cover image Let’s Be Less Stupid: An Attempt to Maintain My Mental Faculties

Let’s Be Less Stupid: An Attempt to Maintain My Mental Faculties

Patricia Marx. Hachette/Twelve, $25 (208p) ISBN 978-1-4555-5495-9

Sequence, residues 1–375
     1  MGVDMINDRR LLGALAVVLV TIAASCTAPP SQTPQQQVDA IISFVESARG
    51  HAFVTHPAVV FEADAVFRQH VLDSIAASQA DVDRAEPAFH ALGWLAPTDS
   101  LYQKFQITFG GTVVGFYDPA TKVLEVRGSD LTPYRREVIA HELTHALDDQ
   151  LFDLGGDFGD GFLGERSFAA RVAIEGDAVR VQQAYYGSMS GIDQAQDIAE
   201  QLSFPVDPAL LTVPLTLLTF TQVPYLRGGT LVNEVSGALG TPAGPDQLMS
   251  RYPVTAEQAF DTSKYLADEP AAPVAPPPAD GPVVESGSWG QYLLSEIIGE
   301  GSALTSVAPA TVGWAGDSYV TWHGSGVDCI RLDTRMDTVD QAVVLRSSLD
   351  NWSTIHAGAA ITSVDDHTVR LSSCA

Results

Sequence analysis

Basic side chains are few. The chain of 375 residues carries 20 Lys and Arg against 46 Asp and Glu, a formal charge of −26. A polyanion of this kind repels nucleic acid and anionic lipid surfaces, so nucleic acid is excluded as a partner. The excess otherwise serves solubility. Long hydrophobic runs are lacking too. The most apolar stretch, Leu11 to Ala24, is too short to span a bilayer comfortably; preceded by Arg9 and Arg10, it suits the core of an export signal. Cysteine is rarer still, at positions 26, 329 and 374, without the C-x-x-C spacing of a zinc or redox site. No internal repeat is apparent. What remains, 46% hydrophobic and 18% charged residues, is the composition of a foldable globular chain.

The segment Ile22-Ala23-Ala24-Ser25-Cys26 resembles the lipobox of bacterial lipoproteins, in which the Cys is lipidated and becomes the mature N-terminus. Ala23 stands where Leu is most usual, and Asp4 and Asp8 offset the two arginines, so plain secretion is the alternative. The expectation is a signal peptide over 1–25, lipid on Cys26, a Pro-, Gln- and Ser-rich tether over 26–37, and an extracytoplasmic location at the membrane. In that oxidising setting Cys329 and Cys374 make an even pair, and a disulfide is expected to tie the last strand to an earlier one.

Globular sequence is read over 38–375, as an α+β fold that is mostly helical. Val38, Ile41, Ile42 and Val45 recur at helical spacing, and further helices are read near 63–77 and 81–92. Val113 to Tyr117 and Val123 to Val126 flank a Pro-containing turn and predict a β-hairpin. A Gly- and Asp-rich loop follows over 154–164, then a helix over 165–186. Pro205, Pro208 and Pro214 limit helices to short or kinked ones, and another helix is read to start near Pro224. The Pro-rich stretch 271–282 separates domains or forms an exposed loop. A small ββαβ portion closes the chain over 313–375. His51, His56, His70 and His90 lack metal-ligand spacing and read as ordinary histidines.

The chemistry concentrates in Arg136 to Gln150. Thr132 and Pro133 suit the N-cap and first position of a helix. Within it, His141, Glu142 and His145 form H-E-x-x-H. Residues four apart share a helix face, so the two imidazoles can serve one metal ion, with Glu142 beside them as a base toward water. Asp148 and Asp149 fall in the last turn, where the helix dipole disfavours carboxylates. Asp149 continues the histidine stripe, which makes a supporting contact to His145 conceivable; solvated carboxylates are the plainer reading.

New Yorker staff writer Marx (Starting from Happy) chronicles her four-month-long quest to improve her memory and re-up her IQ to where it was in the glory days of her 20s. Employing candor and wit, she tackles the science and sociology of the brain fitness rage and delivers suggestions and solutions for stemming widespread neurological downslide. Marx test-drives brain exercises, electric zapping, and learning a new language (Cherokee in her case), and throws in some blueberries and fish oil pills for good measure. She also debunks faulty findings. For example, alcohol doesn’t kill brain cells, she writes. In fact, according to a study from the Catholic University of the Sacred Heart, 29% of people who never drank suffered mental impairment, while only 19% of the imbibers did. She blames the information age for overstuffing people’s brains with information. Marx includes quizzes, tests, and teasers to improve readers’ memories, aiming them at her fellow baby boomers who fear dementia more than death. She also provides lists of things to forget, including inconsequential presidents, wars, and Shakespeare plays. Reflecting on her overall experience, she writes, “I spent so much trying to improve my brain that I had no time to use it,” but her work belies that statement. Marx has written a hilarious and comforting book on maintaining mental acumen at any age. (July)